State payroll tax
There is no state-level payroll tax.
State income tax brackets
Each filer type has different progressive tax rates. Refer to Tax Foundation for more details.
|Tax year||Filing status||Taxable income||Rate|
Married, Filing Separately
Head of Household
|$0 – $15,000||3.10%|
|$15,000 – $30,000||5.25%|
|Married, Filing Jointly or Widow(er)||$0 – $30,000||3.10%|
|$30,000 – $60,000||5.25%|
State standard deduction
|Tax year||Filing status||Standard deduction amount|
|Married, Filing Jointly||$8,000|
|Married, Filing Separately||$4,000|
|Head of Household||$6,000|
|Married, Filing Jointly||$7,500|
|Married, Filing Separately||$3,750|
|Head of Household||$5,500|
There are state-level exemptions for all types of filers and dependents. Refer to Tax Foundation for more details.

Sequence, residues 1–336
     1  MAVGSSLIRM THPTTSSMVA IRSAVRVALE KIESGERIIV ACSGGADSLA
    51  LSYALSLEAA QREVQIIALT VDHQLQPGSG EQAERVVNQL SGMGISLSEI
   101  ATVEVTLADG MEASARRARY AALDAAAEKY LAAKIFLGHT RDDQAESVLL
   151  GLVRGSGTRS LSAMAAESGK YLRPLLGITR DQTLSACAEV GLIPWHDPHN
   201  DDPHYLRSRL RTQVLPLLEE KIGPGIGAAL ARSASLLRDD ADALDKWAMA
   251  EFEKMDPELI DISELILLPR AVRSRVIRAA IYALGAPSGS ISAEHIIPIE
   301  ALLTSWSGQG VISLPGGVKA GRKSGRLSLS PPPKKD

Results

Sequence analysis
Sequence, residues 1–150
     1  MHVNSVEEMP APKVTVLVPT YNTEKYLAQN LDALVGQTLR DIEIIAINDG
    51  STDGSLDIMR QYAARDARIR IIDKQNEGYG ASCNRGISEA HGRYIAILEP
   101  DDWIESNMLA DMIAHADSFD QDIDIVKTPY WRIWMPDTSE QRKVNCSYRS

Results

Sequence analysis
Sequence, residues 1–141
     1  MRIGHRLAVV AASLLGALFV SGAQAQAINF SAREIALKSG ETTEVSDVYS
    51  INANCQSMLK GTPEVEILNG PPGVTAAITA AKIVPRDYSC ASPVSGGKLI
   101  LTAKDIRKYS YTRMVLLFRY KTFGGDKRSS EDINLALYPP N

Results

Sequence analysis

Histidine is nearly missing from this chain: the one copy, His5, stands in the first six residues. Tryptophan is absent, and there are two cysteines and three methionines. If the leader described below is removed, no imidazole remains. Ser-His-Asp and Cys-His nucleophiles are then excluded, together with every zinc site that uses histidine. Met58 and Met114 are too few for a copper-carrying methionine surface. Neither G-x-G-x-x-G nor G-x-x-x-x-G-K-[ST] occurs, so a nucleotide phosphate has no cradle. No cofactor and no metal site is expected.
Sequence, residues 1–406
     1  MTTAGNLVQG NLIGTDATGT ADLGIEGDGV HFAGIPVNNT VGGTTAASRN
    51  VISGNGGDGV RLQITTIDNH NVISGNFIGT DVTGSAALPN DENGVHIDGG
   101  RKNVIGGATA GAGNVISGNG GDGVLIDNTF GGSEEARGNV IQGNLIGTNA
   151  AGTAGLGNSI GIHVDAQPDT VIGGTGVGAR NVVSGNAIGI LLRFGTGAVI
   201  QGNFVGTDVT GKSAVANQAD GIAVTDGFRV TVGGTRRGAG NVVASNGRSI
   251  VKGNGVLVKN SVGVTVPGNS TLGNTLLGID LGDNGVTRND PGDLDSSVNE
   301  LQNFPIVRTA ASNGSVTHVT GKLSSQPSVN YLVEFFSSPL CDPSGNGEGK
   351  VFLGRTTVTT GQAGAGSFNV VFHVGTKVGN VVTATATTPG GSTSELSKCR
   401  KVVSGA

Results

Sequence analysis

|Tax year||Filing status||Personal exemption amount|
Married, Filing Separately
Head of Household
|Married, Filing Jointly or Widow(er)||$4,500|
What taxes does Kansan pay?
On top of the federal income tax, the state-level income tax ranges from 3.1% to 5.7%. There is no additional state-level payroll tax.
How much do you make after taxes in Kansas?
If you are a single filer making $57,000 annually, your take-home pay will be $44,867.75 after taxes.
For a married couple with a combined annual income of $114,000, the total take-home pay is $89,792.50.
How much taxes are deducted from a $57,000 paycheck in Kansas?
The total taxes deducted for a single filer are $1011.03 monthly or $466.62 bi-weekly.